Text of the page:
There are many associations made between the flowers and the range of human emotions. The "language" of flowers is thought to have originated in Persia in the fifteenth century, and was brought to Europe in the eighteenth. In the nineteenth century, this "floral code" became more elaborate, so that complex messages could be sent between people in bouquets. With each flower and colour having a specific meaning, conversations between courting couples could be carried out over extended periods of time without a single word being used.
Specific to roses, the colours can mean the following:
I Love You
Job Well Done
Please Believe Me
I Am Worthy Of You
Keep A Secret
|Let's Get Together
Red and Yellow Blend
|Unconscious beauty||Jovial and happy feelings|
Austrian Rose (Rosa foetida): Thou art all that is lovely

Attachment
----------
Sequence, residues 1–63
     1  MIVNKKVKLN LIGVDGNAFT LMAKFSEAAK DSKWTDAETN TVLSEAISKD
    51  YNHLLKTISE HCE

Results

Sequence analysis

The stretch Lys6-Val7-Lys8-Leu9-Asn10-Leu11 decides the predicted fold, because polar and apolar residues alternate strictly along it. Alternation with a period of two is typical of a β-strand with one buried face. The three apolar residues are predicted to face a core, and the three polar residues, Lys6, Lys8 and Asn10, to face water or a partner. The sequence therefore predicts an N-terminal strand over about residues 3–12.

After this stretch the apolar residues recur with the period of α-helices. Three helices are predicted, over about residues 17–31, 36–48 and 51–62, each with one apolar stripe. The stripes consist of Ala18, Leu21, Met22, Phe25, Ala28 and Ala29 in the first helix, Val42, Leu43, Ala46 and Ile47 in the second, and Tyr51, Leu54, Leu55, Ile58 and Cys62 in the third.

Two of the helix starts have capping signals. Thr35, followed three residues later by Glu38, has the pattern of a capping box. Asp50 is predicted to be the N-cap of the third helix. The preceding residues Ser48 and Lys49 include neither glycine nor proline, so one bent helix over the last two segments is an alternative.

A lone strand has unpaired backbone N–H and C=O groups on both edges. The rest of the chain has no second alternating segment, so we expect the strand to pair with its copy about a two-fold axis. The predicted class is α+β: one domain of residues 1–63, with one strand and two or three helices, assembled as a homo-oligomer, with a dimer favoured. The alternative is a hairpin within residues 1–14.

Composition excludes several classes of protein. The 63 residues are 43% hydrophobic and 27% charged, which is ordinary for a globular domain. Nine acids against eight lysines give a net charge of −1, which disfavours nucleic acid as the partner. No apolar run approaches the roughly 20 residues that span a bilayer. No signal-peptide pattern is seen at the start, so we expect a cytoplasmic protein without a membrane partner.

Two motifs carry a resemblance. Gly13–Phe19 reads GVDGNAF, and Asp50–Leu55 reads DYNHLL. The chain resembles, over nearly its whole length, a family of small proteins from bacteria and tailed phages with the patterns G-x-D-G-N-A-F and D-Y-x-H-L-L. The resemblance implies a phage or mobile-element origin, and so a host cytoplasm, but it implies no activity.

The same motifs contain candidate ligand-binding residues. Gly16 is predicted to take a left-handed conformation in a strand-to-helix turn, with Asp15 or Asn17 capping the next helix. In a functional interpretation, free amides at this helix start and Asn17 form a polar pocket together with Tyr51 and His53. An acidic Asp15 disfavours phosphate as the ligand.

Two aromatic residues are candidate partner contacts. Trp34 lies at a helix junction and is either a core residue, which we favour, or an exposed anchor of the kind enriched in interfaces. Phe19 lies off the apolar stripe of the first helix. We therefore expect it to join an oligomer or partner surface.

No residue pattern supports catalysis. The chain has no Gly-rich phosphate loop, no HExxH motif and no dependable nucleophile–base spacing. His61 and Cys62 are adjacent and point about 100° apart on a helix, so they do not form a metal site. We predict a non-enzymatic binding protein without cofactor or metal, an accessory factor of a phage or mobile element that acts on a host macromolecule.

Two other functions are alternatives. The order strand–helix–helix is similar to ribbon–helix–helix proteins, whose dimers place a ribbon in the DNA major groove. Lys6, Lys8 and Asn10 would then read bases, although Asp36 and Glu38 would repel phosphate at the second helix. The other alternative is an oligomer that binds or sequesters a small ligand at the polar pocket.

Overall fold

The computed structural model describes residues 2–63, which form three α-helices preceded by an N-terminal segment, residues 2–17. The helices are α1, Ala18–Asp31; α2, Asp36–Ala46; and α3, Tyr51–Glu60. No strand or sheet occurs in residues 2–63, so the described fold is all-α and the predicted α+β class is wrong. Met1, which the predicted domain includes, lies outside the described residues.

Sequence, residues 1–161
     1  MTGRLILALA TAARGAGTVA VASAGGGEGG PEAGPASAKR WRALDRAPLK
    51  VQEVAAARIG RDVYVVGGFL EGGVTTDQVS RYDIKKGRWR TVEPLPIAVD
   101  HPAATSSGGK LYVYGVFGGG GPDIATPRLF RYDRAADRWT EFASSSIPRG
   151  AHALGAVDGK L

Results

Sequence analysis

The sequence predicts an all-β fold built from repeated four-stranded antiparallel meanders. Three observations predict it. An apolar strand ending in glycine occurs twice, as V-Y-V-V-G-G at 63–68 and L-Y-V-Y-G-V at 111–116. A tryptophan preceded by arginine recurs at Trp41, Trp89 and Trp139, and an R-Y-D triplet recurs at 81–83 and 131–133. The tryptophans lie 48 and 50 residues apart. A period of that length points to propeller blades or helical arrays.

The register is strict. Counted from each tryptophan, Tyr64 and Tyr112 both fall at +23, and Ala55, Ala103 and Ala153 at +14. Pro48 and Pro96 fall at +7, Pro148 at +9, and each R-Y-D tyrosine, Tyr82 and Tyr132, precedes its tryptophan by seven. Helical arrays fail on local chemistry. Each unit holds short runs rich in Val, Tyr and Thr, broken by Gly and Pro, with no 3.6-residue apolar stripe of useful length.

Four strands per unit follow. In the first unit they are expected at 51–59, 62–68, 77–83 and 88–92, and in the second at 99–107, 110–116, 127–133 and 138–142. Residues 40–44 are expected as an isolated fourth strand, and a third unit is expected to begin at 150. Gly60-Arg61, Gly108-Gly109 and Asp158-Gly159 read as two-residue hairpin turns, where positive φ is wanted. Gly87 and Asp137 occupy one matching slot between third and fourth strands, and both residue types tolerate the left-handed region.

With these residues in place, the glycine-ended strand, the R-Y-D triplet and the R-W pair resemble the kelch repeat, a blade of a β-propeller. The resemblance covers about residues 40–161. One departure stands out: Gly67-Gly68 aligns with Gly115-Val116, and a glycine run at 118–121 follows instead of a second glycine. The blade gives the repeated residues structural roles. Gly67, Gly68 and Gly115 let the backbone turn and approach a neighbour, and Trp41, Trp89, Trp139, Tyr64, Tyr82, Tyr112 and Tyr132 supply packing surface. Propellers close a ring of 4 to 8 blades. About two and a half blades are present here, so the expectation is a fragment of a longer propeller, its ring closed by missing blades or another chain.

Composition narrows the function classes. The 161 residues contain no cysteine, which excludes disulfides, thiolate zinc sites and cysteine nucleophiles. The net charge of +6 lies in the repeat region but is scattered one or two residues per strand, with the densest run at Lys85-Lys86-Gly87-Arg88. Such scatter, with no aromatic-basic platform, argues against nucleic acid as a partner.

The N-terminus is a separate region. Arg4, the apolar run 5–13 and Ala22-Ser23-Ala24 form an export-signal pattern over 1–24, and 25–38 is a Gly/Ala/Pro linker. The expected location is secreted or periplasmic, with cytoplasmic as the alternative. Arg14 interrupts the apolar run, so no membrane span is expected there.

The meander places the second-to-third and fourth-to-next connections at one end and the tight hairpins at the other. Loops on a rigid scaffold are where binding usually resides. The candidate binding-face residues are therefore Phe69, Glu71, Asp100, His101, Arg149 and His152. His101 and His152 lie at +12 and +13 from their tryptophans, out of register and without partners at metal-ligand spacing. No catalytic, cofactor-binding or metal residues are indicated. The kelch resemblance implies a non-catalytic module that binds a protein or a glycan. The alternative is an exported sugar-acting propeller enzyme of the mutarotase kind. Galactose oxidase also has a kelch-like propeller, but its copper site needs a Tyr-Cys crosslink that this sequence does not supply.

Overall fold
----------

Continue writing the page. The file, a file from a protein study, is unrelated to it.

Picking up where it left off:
Cabbage Rose: Ambassador of love
Carolina Rose: Love is dangerous
Crown of roses: Reward of virtue
Damask Rose: Beauty ever new
Faded rose: Beauty is fleeting
Hybrid tea roses: "I'll remember you always"
Leaves: I am never importunate, Hope
Moss bud: Confession of love
Pale colors: Sociability and friendship
Provence Rose: My heart is in flames
Red bud: You are young and beautiful
Rosa canina: Pleasure mixed with pain
Rosa multiflora: Grace
Rosa mundi (striped): Variety
Rose in a tuft of grass: There is everything to be gained by good company
Rose bloom over two buds: Secrecy
Single rose: Simplicity
Two roses joined together: Engagement or coming marriage
White bud: Youthfulness, "Too young for love"
Withered white rose: You made no impression
Bent to the right - "I"
Bent to the left - "You"
Ribbon knotted on the left: Message from the giver
Ribbon knotted on the right: Message about the recipient
Accepted with right hand: Agreement, affirmative
Accepted with left hand: Disagreement, negative
Worn over heart: Love
Worn in hair: Caution
Worn in clevage: Frendship, Rememberance
This list was compiled from a variety of sources, and only touches the surface of the language of flowers.
More flower meanings can be found at Columbine's Language of Flowers and Speaking of Flowers.